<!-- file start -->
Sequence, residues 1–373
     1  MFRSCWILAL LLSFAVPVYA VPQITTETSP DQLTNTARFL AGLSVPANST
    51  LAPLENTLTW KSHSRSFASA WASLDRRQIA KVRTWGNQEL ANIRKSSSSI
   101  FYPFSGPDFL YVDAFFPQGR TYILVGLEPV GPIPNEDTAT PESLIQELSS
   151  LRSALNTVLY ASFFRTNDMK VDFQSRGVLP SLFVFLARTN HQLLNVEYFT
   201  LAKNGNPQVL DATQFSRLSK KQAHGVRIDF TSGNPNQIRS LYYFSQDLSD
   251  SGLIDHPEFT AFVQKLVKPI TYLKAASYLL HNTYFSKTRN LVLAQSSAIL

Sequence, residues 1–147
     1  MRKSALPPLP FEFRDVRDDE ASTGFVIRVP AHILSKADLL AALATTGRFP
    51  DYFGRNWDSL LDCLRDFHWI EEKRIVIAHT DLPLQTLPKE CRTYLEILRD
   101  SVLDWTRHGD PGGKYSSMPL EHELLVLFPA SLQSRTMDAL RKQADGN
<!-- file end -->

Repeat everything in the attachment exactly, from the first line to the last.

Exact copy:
Sequence, residues 1–373
     1  MFRSCWILAL LLSFAVPVYA VPQITTETSP DQLTNTARFL AGLSVPANST
    51  LAPLENTLTW KSHSRSFASA WASLDRRQIA KVRTWGNQEL ANIRKSSSSI
   101  FYPFSGPDFL YVDAFFPQGR TYILVGLEPV GPIPNEDTAT PESLIQELSS
   151  LRSALNTVLY ASFFRTNDMK VDFQSRGVLP SLFVFLARTN HQLLNVEYFT
   201  LAKNGNPQVL DATQFSRLSK KQAHGVRIDF TSGNPNQIRS LYYFSQDLSD
   251  SGLIDHPEFT AFVQKLVKPI TYLKAASYLL HNTYFSKTRN LVLAQSSAIL

Sequence, residues 1–147
     1  MRKSALPPLP FEFRDVRDDE ASTGFVIRVP AHILSKADLL AALATTGRFP
    51  DYFGRNWDSL LDCLRDFHWI EEKRIVIAHT DLPLQTLPKE CRTYLEILRD
   101  SVLDWTRHGD PGGKYSSMPL EHELLVLFPA SLQSRTMDAL RKQADGN